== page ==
Moving averages are used to smooth out short-term fluctuations, thus highlighting longer-term trends or cycles. A simple moving average is formed by computing the average (mean) price of a security over a specified number of periods. While it is possible to create moving averages from the Open, the High, and the Low data points, most moving averages are created using the closing price. For example: a 5-day simple moving average is calculated by adding the closing prices for the last 5 days and dividing the total by 5. The calculation is repeated for each price bar on the chart.
The averages are then joined to form a smooth curving line – the moving average line. Continuing our example, if the next closing price in the average is 15, then this new period would be added and the oldest day, which is 10, would be dropped. The new 5-day simple moving average would be calculated as follows: Over the last 2 days, the SMA moved from 12 to 13. As new days are added, the old days will be subtracted and the moving average will continue to move over time. Figure 5. An example of a 50 day and 200 day moving average
As seen from the above graph the shortcoming of the Simple Moving Average is as follows: •Rather than predicting the stock price, the Simple Moving Average follows or traces the movement of the stock price. So it projects trends in hind-sight rather than predicting trends •The smoother the graph like the 200 day SMA, the less accurate is the generalization since most of the short- to- medium term fluctuations are missed •The indicators given by the SMA largely depend on the interpretation of the graphical curves. Hence by nature, SMA is a subjective tool and therefore does not provide a quantified result.
This is exactly where Neural Networks score over technical analysis 2. 2. 2Fundamental Analysis Fundamental analysis involves the in-depth analysis of a company’s performance and profitability to determine its share price. By studying the overall economic conditions, the company’s competition, and other factors, it is possible to determine expected returns and the intrinsic value of shares. This type of analysis assumes that a share’s current (and future) price depends on its intrinsic value and anticipated return on investment.
As new information is released pertaining to the company’s status, the expected return on the company’s shares will change, which affects the stock price. The advantages of fundamental analysis are its systematic approach and its ability to predict changes before they show up on the charts. Companies are compared with one another, and their growth prospects are related to the current economic environment. This allows the investor to become more familiar with the company. Unfortunately, it becomes harder to formalize all this knowledge for purposes of automation (with a neural network), and interpretation of this knowledge may be subjective.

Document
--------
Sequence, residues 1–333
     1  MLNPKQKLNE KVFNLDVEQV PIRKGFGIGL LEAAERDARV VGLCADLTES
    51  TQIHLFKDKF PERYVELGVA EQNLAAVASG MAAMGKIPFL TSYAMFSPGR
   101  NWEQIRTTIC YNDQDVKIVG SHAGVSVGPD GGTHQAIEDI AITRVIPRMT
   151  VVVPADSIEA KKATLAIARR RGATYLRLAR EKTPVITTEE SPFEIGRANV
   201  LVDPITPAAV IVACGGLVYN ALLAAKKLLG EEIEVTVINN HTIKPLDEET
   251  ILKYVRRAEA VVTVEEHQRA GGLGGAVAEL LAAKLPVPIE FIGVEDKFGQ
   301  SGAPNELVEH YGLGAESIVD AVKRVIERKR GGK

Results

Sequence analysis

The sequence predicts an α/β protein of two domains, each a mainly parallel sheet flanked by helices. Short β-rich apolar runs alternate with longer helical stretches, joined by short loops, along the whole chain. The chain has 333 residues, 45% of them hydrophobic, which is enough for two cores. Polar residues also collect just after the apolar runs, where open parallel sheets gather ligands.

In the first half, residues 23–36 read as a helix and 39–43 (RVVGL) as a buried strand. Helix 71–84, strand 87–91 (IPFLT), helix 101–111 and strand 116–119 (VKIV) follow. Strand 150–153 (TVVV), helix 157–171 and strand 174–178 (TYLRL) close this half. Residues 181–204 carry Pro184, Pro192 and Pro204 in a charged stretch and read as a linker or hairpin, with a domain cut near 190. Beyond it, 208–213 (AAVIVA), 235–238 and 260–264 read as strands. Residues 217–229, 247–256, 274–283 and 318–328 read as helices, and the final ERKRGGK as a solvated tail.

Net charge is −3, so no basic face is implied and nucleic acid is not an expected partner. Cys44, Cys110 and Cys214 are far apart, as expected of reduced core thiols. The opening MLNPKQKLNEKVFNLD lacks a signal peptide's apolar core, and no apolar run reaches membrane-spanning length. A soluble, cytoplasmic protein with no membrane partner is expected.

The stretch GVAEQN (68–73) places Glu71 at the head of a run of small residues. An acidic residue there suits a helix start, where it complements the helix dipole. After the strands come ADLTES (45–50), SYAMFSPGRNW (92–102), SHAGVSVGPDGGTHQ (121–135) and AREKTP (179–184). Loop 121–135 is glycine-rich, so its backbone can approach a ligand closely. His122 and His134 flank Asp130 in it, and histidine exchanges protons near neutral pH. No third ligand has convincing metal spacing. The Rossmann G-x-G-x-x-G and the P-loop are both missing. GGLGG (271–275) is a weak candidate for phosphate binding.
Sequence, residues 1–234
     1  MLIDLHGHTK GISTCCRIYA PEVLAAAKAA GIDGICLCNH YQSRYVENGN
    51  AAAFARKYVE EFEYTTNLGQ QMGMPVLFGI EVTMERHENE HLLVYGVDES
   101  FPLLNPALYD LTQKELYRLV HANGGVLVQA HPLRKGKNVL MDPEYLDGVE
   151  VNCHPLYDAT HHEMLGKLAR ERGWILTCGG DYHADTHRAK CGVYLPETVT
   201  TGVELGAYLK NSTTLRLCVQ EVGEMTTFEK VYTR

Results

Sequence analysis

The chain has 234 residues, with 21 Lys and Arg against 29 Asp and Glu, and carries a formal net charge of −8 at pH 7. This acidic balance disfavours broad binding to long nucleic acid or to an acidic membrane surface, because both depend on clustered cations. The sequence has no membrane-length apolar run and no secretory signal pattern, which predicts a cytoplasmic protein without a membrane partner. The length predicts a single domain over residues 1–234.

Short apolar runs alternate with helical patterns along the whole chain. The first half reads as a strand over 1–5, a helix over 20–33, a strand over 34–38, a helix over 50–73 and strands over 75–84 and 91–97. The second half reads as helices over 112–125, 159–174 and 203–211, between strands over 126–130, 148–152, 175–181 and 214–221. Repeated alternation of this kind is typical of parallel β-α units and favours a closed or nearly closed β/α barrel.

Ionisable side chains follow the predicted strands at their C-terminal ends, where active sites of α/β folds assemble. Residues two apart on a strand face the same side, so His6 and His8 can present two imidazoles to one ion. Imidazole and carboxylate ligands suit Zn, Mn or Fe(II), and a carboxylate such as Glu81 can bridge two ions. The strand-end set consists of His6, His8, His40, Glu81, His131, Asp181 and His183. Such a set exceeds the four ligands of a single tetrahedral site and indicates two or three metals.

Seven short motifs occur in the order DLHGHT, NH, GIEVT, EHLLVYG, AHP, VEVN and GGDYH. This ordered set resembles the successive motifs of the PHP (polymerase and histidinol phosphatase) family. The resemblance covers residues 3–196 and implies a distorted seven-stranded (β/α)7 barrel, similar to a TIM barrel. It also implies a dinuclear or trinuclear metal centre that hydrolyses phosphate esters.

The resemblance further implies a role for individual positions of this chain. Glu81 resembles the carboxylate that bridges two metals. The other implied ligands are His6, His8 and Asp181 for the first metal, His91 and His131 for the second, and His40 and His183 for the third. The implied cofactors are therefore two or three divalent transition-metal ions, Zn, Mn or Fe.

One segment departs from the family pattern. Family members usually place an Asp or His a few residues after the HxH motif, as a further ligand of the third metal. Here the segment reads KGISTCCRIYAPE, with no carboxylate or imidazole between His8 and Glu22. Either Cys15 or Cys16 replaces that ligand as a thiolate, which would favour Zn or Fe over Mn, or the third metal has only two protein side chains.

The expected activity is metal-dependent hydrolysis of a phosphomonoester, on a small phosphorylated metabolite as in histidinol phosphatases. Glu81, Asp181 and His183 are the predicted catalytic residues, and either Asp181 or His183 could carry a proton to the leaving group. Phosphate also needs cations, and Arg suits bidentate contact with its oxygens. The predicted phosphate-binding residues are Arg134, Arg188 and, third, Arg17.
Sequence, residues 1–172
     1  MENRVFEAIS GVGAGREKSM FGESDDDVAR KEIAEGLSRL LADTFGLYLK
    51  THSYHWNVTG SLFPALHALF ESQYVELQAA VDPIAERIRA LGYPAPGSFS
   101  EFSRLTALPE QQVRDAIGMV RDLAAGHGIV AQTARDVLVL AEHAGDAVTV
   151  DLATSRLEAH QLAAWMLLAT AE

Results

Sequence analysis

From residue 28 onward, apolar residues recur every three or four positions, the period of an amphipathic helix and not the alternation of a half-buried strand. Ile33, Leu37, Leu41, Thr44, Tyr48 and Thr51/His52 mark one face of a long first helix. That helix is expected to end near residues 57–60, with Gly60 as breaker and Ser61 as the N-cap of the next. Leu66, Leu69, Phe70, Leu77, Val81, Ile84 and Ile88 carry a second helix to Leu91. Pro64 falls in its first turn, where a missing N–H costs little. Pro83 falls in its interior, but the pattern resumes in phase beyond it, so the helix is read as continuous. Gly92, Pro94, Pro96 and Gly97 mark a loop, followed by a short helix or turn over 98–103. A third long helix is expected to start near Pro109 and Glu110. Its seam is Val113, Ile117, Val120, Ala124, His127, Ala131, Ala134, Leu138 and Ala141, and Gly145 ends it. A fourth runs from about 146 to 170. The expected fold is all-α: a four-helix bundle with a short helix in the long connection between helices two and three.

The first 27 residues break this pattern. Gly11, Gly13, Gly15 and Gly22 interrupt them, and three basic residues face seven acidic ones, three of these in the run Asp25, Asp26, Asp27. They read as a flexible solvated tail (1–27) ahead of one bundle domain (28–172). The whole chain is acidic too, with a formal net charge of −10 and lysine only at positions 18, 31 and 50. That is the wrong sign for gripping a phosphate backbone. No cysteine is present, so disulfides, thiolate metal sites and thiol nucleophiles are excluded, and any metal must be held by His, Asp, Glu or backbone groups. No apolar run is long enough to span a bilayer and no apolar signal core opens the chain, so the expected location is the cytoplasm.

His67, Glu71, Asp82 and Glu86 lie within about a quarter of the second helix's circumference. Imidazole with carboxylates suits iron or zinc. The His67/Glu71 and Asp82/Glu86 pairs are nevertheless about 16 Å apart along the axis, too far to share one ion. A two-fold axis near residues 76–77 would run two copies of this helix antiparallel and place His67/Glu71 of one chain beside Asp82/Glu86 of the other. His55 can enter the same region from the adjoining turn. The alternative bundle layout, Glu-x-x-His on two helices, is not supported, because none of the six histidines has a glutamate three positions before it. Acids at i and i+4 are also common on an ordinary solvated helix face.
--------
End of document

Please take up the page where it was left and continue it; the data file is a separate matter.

Also, it is hard to time the market using fundamental analysis. Although the outstanding information may warrant stock movement, the actual movement may be delayed due to unknown factors or until the rest of the market interprets the information in the same way. However, fundamental analysis is a superior method for long-term stability and growth. Basically, fundamental analysis assumes investors are 90% logical, examining their investments in detail, whereas technical analysis assumes investors are 90% psychological, reacting to changes in the market environment in predictable ways.
One of the most widely used fundamental indicator is the price to earning ratio, it compares the current price with earnings to see if a stock is over or under valued. Price-to-Earning ratio = (Market value per share)/(Earnings per share) •Generally a high P/E ratio means that investors are anticipating higher growth in the future •The p/e ratio can use estimated earnings to get the forward looking P/E ratio •Companies that are losing money do not have a P/E ratio 2. 2. 3The Efficient Market Hypothesis
The Efficient Market Hypothesis (EMH) states that at any time, the price of a share fully captures all known information about the share. Since all known information is used optimally by market participants, price variations are random, as new information occurs randomly. Thus, share prices perform a “random walk”, and it is not possible for an investor to beat the market.  Despite its rather strong statement that appears to be untrue in practice, there has been inconclusive evidence in rejecting the EMH. Different studies have concluded to accept or reject the EMH.
Many of these studies used neural networks to justify their claims. However, since a neural network is only as good as it has been trained to be, it is hard to argue for acceptance or rejection of the hypothesis based solely on neural network performance. In practice, stock market crashes, such as the market crash in October 1987,  contradict the EMH because they are not based on randomly occurring information, but arise in times of overwhelming investor fear. The EMH is important because it contradicts all other forms of analysis.
If it is indeed impossible to beat the market, then technical, fundamental or time series analysis should lead to no better performance than random guessing. The fact that many market participants can consistently beat the market is an indication that the EMH may not be true in practice. The EMH may be true in the ideal world with equal information distribution, but today’s markets contain several privileged players who can outperform the market by using inside information or other means. 2. 2. 4Chaos Theory A relatively new approach to modeling nonlinear dynamic systems like the stock market is chaos theory.